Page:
Marriott not shooting from the hip with Rwanda five-star hotel

Marriott International, in its bid to capitalise on the rising demands of Africa’s emerging marketplace, plans to launch a 5-star hotel in Rwanda’s capital city no later than December 2012. The US$55 million project comes at a crucial point in the country’s rapidly growing tourism industry, where demand exceeds the current supply of luxury accommodation.

Ed Fuller, on board a government helicopter en route to Akagera National Park, looking down on the eastern hills of Rwanda.

Ed Fuller, on board a government helicopter en route to Akagera National Park, looking down on the eastern hills of Rwanda. Photo: Mark Darrough

“Everything we’ve seen — and we do a number of feasibility studies before we commit to a hotel — shows us we haven’t even begun to touch the need for new supply,” observed Marriott’s head of international lodging, Ed Fuller, during a tour of the construction site in early August. “Demand far exceeds supply in this market.”

Meanwhile, demand keeps growing. International attention on Rwanda’s parks, once directed mainly towards the mountain gorillas in the north, is now expanding to Akagera National Park in the west and Nyungwe National Park in the south due to recent conservation efforts. As a result, tourism revenues increased 14% from 2009 to 2010. Yet Kigali, which accommodates the park’s high-end tourists due to its central location and international airport, offers only one 5-star hotel.

Demand is further heightened by Kigali’s success in positioning itself as a business and conference hub for East and Central Africa, made possible by the government’s focus on security, cleanliness, and a pro-business environment. Furthermore, the pending completion of a $300 million convention centre will create the capacity for 2,500 people, many of whom will be businessmen and women expecting luxury hotel rooms.

Fuller expressed confidence in Marriott’s opportune entrance into the Rwandan market.

“We don’t shoot from the hip. We expect this hotel to be a real success, and that’s why we’re here.”

Rwanda is racing Ghana to become Marriott’s first Sub-Saharan Africa location, and the 72nd country the hotel has operated in. Both projects are results of Marriott’s strategy in the 1990s to begin shifting to the global market. Today its focus is Africa and the Middle East, where it aims to establish 100 hotels by the end of 2014. Marriott is intent on eventually operating hotels in all of Africa’s major capital cities, a claim bolstered by Fuller.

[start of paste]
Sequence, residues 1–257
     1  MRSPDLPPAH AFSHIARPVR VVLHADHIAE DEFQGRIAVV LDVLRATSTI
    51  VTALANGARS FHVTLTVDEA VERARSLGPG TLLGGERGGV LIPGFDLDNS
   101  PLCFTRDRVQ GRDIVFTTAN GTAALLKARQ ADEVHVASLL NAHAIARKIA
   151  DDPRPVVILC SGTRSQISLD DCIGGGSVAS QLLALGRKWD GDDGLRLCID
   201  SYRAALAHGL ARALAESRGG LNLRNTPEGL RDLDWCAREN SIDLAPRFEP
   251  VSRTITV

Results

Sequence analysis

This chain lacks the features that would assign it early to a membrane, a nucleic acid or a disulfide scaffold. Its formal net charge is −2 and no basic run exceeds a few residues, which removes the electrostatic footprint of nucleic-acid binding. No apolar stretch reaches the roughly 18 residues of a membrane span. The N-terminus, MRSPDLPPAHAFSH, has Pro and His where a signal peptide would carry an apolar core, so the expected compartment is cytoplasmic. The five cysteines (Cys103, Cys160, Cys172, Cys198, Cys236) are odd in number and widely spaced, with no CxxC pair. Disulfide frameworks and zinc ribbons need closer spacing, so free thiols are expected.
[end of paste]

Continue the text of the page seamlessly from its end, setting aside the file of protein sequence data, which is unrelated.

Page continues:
The idea to build a 250-room, 5-star hotel to support Kigali’s transition into a major player in Africa’s tourism industry, however, was conceived by an illustrious Rwandan entrepreneur, Hatari Sekoko, and a group of Chinese investors in 2009. Together they formed New Century Development and financed the construction of the hotel. Shortly afterwards, the group succeeded in attracting Marriott to the project to act as the hotel’s long-term operator. This agreement required the hotel to be re-designed to meet Marriott’s international standards.

New Century deputy CEO, Solomon Adede, commented on why achieving Marriott’s high standards of design and construction was beneficial to the investors.

“Marriott doesn’t just take any property and brand it Marriott. They insist on a very high quality, and it’s a quality that sells.”

Marriott’s chief communications and public affairs officer, Kathleen Matthews, insisted that the company’s universally recognisable brand will help narrow the gap between capacity and demand.

“The power of a global brand is incredible, because it’s a signal that a place is open for business,” Matthews insisted on board a helicopter en route to Akagera National Park. “Because Marriott has decided that there’s enough of a market [in Rwanda], that there’s enough stability there, then it’s like throwing on a light switch. And because we have global distribution channels, we’re sending that message to Chinese, Americans, Europeans, and people throughout Africa.”

Marriott’s future investment in its Rwandese employees will continue to narrow this gap, and will allow for what Matthews calls the virtuous cycle.

“We know that if we take care of our employees, and they’re successful, we’re going to take care of our guests. If the guests are taken care of, they’ll come back again and again, and that’ll take care of the business. If the business is successful, wealth is created for the community.”

Mark Darrough is a writer and photographer for the ISOKO Institute, a Kigali-based think tank that promotes private enterprise development.